About Narcolepsy

Narcolepsy is a neurological disorder of the sleep/wake and REM/non-REM systems. It is as common as MS, though the rate of diagnosis is only 25%. It can be very disabling, especially when untreated.

Narcolepsy is often mistaken for depression, chronic fatigue syndrome or simply not identified, as the symptoms are not widely known and understood. Symptoms like excessive sleepiness and fatigue mimic the effects of daily life for many people, and may seem unremarkable. Onset is usually between 15 and 25, which also prolongs diagnosis, due to a change in sleep patterns and habits around this time of life.

The Excessive Daytime Sleepiness or EDS, of narcolepsy causes people to fall asleep during the day, regardless of the amount of sleep they get at night. Falling asleep can be irresistible, as well as abrupt. Sleepiness attacks can also come on gradually, and when resisted result in the individual becoming increasingly unaware of their actions until they are in a state of automatic behaviour.

Like anyone who is sleep deprived, people with narcolepsy may notice emotional fluctuations and loss of coordination. They often feel tired most of the time, using words such as sleepiness, tiredness, lack of energy, exhaustion or a combination of these feelings to describe their experience.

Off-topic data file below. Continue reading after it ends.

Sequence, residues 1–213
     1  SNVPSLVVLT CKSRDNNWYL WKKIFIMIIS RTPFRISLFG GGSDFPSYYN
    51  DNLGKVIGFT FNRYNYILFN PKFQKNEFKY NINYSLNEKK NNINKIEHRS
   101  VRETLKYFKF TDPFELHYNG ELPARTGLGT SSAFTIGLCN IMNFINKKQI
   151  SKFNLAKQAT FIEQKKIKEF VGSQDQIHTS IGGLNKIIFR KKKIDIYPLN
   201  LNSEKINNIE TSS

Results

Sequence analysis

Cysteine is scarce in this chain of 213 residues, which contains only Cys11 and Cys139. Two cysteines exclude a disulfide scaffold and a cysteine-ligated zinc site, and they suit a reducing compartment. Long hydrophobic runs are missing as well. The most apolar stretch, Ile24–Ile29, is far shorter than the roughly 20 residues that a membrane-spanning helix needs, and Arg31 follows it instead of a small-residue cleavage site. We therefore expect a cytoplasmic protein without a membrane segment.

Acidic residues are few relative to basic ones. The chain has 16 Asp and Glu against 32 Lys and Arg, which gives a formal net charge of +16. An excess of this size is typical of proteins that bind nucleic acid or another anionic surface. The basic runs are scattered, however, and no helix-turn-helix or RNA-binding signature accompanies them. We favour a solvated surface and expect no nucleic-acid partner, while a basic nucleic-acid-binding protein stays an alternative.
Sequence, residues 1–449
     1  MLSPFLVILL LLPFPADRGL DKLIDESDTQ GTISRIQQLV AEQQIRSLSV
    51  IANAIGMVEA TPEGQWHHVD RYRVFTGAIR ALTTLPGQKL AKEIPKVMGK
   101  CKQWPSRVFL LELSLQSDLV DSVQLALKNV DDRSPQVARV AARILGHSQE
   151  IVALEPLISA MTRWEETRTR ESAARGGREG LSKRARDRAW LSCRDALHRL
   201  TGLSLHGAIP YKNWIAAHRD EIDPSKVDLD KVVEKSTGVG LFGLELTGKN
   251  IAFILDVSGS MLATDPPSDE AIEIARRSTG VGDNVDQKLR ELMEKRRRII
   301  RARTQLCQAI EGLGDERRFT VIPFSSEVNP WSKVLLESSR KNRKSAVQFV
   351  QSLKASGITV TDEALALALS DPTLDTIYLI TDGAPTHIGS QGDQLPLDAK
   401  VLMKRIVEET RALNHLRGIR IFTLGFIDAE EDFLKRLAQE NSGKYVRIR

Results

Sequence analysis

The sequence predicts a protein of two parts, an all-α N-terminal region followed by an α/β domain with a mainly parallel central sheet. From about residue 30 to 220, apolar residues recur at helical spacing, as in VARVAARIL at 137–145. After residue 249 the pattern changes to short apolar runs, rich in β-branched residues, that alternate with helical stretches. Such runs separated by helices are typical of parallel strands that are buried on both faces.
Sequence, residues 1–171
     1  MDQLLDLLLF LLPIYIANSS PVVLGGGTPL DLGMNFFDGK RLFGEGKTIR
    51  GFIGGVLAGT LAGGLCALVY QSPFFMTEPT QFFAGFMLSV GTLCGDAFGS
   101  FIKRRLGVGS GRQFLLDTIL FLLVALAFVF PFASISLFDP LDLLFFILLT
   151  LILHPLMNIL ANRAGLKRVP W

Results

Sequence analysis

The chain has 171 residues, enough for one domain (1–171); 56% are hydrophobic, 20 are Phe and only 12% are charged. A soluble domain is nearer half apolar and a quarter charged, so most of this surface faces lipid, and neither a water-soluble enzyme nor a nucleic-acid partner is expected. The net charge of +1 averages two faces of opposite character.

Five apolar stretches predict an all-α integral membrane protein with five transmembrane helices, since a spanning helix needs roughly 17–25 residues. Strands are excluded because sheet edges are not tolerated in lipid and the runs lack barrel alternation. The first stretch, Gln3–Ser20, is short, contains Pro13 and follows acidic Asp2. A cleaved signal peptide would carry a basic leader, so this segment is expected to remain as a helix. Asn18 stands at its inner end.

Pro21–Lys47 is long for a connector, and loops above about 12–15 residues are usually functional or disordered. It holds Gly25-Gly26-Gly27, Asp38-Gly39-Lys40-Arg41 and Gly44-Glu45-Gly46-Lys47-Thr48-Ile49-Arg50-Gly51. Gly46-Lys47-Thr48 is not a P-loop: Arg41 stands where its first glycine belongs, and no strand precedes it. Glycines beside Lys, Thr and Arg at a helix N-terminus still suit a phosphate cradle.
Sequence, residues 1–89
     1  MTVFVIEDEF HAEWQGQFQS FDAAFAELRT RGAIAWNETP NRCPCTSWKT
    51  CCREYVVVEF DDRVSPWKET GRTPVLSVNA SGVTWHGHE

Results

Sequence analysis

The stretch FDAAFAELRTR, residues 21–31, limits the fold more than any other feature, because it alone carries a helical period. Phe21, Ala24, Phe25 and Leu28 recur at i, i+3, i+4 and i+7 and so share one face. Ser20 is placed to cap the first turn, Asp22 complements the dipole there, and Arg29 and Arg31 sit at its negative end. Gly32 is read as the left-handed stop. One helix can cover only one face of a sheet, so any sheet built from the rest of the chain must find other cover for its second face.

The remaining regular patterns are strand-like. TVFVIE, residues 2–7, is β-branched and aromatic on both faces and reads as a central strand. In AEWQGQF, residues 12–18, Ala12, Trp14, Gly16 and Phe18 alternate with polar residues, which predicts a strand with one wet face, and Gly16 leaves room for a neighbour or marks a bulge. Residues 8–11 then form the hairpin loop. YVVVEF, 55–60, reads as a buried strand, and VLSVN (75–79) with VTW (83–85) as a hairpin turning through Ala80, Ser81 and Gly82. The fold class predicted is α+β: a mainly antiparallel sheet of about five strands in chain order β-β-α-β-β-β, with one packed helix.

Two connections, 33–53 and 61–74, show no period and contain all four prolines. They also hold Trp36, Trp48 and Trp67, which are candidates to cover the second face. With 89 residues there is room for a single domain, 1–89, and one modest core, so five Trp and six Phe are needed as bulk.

Hypnogogic Hallucinations are intense, vivid dreams, which are often accompanied by frightening auditory, visual and tactile sensations, usually occurring as one is awakening or going to sleep. They are difficult to distinguish from reality.

Sleep Paralysis is the inability to move when awakening or going to sleep. This may be brief, but can also last for several minutes. Multiple attacks may occur. This can be terrifying, especially when occurring with a frightening hypnogogic hallucination.

One symptom unique to narcolepsy is Cataplexy, which is an abrupt loss of muscle tone, brought on by emotional arousal. Telling a joke, getting annoyed, speaking in public, and performing, among others, can all bring on a cataplectic attack. Attacks range from a brief sensation of weakness in the neck or knees, to total physical collapse, followed by an inability to move that may last for several minutes. Often the head or jaw may sag, or the knees buckle. This is not to be confused with fainting or having a seizure. The individual remains alert and conscious, but is not able to communicate clearly.

People with narcolepsy have abnormal sleep patterns, caused by an impaired ability to regulate the sleep/wake and REM/non-REM cycles. Research has shown that this is, at least in part, due to a deficiency of the neurotransmitter hypocretin, or orexin. Unlike most people, those with narcolepsy enter REM stage sleep early, without going through the normal sequence of sleep stages. They often wake in the night resulting in disrupted night time sleep.

Other events that take place during normal REM sleep parallel the symptoms of narcolepsy: the body becomes immobile as in sleep paralysis, and muscle tone decreases as in cataplexy. These symptoms in narcoleptics are thought to be inappropriate manifestation of these characteristics of REM sleep. The fact that people with narcolepsy often spend more time in REM sleep than an average person means they dream frequently and vividly, perhaps more than others.